Book Review: Vendetta (Catherine Doyle)

Publisher: Chicken House

Pages: 352

Release Date: February 24th 2015


When it comes to revenge, love is a dangerous complication.With a fierce rivalry raging between two warring families, falling in love is the deadliest thing Sophie could do. An epic debut set outside modern-day Chicago.

When five brothers move into the abandoned mansion in her neighbourhood, Sophie Gracewell’s life changes forever. Irresistibly drawn to bad boy Nicoli, Sophie finds herself falling into a criminal underworld governed by powerful families. As the boys’ dark secrets begin to come to light, Sophie is confronted with stinging truths about her own family, too. She must choose between two warring dynasties – the one she was born into, and the one she is falling in love with. When she does, blood will spill and hearts will break.


I won this book in a competition by Sally at The Dark Dictator so massive thanks to her for the copy 🙂

This book was just wonderful. It was so easy to read, each sitting I just didn’t want to put it down (and this was during a bit of a reading slump so that’s impressive!) It felt very much like a modern day Romeo and Juliet – girl meets boy, boy and girl’s families are at war, chaos ensues. As a Shakespeare fan this works great for me: if you’re not then don’t be put off. It doesn’t follow the exact plot of the star-crossed lovers, plus it’s all very modern, full of mafia men, guns and danger.

Our narrator, Sophie, is a perfectly written protagonist – she’s smart and funny, vulnerable but able to look after herself, and just read like a real person. On reflection, I did see her getting ‘rescued’ by the male characters a little too often for my liking, but there were plenty of other times when she was busy standing on her own two feet just fine. I was worried there was a little hint of Twilight about the story, but even if there are similarities, it’s so well written and has such well rounded characters that it doesn’t really matter.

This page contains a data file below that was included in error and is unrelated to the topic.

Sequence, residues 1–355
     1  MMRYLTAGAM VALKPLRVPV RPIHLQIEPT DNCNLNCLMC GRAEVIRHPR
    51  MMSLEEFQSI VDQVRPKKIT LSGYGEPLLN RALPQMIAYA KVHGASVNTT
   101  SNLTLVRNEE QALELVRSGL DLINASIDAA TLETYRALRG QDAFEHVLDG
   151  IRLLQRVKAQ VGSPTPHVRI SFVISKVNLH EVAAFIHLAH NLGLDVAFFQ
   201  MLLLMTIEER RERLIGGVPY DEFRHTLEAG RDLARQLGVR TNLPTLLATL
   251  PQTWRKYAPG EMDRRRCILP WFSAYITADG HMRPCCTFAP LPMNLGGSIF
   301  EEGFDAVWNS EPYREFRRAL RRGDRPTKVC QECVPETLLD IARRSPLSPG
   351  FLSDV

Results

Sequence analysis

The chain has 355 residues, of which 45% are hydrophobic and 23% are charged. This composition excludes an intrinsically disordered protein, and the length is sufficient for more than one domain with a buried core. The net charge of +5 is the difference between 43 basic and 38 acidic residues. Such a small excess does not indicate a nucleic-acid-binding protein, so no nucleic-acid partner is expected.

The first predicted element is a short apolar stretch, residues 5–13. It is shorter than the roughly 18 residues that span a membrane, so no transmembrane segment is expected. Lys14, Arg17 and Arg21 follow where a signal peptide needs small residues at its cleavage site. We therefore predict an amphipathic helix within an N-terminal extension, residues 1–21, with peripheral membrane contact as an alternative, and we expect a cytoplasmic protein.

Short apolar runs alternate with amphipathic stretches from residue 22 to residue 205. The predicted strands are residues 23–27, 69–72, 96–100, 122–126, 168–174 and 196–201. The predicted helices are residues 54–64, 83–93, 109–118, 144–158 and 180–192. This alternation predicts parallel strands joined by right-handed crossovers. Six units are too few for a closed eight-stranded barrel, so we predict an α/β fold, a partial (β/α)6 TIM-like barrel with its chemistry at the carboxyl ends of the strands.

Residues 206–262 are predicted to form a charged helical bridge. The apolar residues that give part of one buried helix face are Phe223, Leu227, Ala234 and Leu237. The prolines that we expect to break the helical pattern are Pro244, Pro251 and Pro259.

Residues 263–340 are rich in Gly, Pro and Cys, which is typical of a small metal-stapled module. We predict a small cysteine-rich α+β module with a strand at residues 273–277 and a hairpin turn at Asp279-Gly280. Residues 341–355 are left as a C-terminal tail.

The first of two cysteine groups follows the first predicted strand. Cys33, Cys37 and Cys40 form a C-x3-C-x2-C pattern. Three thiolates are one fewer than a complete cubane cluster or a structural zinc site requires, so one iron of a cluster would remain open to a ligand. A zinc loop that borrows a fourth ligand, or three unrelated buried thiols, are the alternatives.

The idea of four young, sexy Italian men moving into the neighbourhood is probably enough to make most teens swoon (and some of us not-so-teens!) and the descriptions of the brothers were brilliant. They all had very distinct personalities and didn’t just feel like a bunch of eye candy. If one of them did, for me it was Nic, which is a shame as he is supposed to be our Romeo. I just found myself much more interested in the relationship between Sophie and Luca – I saw a lot more tension and sparks there.

The book moves quickly from action to action, building up to a climax that had me reading far too fast just so I could finish and see what happened (seriously, I should probably read the last few chapters again because I skim read it really fast). There were some funny moments, some very romantic moments and the whole thing was on enjoyable and exciting ride. I’m very much looking forward to the next installation, which is coming very soon!


If you enjoyed this, you might like The Sky is Everywhere by Jandy Nelson

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